Share capital requirements as a business start-up cost in Slovakia


One of the most important business start-up costs when starting a business in Slovakia is related to the share capital. The requirements in this sense are provided by the Slovak Company Law which stipulates a minimum share capital of 5,000 euros in the case of a private limited liability company and 25,000 in the case of a joint stock company.

With respect to the share capital, it should also be noted that at least 30% of the share capital must be paid up when the private company has more than one shareholder. In case the company has a single shareholder, the whole amount of money must be deposited. The value of the shares held by one shareholder is 750 euros.

In the case of Slovak joint stock companies, 10% of the share capital must be deposited in the company’s account upon incorporation.

The amount of money required as a share capital is not high compared to other European countries, which makes Slovakia a very appealing state in terms of business start-up costs.

Our Slovak law firm can help foreign investors who want to open companies here, no matter the business forms they choose.


Register with pension, illness and disability insurances & unemployment insurance 


The registration with pension, illness and disability insurances, as well as with the unemployment insurance is effectuated with the local social insurance company. The business must register as an employer in maximum eight days after the date it began employing at least one worker for social security. Before the company’s employees start working, the business has to register all new workers with the Social Insurance Company. The procedure takes one day and there are no charges involved.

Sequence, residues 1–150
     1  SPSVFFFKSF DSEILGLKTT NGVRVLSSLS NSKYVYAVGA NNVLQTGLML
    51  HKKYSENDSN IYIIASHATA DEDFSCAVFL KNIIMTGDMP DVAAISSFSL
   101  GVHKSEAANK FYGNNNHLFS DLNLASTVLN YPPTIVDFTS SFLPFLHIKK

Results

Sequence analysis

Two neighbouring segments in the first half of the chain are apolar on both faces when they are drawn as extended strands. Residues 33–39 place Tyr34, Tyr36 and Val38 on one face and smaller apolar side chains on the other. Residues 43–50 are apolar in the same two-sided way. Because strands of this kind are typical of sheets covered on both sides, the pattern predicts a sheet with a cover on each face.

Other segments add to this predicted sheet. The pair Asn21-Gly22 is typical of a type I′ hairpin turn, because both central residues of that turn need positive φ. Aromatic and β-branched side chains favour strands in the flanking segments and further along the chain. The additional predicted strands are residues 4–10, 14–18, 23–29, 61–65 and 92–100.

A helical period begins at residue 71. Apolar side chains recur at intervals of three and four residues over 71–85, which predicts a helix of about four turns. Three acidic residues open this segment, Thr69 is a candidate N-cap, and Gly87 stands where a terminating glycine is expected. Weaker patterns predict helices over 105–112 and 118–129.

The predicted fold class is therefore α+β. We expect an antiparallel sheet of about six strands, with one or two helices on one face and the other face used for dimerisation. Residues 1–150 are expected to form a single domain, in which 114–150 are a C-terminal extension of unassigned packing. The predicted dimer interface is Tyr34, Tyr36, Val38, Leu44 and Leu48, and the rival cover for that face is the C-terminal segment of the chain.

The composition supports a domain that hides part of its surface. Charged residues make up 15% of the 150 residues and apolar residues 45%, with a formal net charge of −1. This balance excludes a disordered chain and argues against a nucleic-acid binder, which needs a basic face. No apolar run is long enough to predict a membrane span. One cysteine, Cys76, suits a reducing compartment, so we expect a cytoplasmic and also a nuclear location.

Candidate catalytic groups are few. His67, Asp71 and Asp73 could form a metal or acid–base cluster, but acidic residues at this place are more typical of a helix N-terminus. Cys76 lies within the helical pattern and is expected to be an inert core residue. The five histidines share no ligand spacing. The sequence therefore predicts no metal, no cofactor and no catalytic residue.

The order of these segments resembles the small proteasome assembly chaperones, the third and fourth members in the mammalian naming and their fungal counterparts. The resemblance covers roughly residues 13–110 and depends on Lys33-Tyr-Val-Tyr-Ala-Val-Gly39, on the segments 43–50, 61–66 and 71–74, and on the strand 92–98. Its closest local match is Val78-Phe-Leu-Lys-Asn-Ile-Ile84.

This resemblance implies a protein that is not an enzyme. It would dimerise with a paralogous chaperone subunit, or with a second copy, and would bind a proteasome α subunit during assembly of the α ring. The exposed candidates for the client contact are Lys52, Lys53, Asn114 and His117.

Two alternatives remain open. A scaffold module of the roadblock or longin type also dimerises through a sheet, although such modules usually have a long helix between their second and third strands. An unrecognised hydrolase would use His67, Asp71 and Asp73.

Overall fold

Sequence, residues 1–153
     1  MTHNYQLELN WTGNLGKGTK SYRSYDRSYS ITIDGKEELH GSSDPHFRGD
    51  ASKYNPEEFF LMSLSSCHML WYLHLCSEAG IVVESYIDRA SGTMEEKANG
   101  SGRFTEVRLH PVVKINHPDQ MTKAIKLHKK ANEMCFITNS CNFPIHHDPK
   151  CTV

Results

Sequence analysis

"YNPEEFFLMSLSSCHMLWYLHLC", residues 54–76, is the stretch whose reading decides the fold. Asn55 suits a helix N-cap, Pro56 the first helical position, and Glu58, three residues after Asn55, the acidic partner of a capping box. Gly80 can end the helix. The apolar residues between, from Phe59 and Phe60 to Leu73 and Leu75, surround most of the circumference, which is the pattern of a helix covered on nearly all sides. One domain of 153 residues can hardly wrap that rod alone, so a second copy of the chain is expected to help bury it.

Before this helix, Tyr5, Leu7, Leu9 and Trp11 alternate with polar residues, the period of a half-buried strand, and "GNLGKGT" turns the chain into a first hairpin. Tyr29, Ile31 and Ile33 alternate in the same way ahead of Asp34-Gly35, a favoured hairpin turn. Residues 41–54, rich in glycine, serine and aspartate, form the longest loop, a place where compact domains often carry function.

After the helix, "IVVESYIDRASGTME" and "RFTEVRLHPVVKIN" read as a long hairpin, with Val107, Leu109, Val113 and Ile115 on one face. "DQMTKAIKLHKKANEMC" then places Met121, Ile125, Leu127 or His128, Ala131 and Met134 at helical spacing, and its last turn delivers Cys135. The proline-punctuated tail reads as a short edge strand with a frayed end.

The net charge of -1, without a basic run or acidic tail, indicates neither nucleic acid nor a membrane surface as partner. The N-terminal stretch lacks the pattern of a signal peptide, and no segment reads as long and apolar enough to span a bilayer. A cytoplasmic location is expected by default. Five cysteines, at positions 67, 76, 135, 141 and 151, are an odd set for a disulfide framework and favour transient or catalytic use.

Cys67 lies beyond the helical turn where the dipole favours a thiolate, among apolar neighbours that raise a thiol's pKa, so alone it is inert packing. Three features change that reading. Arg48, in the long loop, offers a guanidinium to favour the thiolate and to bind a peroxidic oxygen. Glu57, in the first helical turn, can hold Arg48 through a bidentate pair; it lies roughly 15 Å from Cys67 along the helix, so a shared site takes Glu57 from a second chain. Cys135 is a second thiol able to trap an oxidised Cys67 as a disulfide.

Other costs related to starting a business in Slovakia


There aren’t many start-up costs which need to be considered when starting a business in Slovakia, however, one must pay attention to them. Apart from the costs mentioned above, it is also important to consider the costs related to finding a suitable place for the operations and a location which will serve as a registered address for the company. Considering a Slovak company must have a legal address in this country, a virtual office can be a suitable option for the first months after the business was incorporated. Otherwise, renting an office space is also an option, however, a more expensive one.

The other Slovak business start-up costs to be considered are related to obtaining the special licenses with different authorities and the employment costs.

Our lawyers in Slovakia can offer more information on the legal address and employment regulations applicable when starting a business in this country.


FAQ on business start-up costs in Slovakia


  1. Is it expensive to set up a business in Slovakia?

No, Slovakia is quite a cheap country to open a company in, considering many of the fees have been reduced.

  1. Are there any additional costs to consider if I am a foreigner?

Apart from the regular costs, you should also consider the fees associated with translating certain documents.

  1. Is there any difference between the online and traditional registration procedures?

Yes, the online registration procedure is cheaper than the traditional one.

  1. How long does it take to register a business in Slovakia?

The registration of a company in Slovakia can be registered within a matter of two weeks.

  1. Are there any other special costs to consider when opening a business in Slovakia?

The other costs which could influence the opening of a company could be related to specific licenses.


If you need more information about the business start-up costs in Slovakia, as well as the taxation system in this country, we invite you to get in touch with our Slovak law firm  who can offer full guidance through the process of starting a business in Slovakia.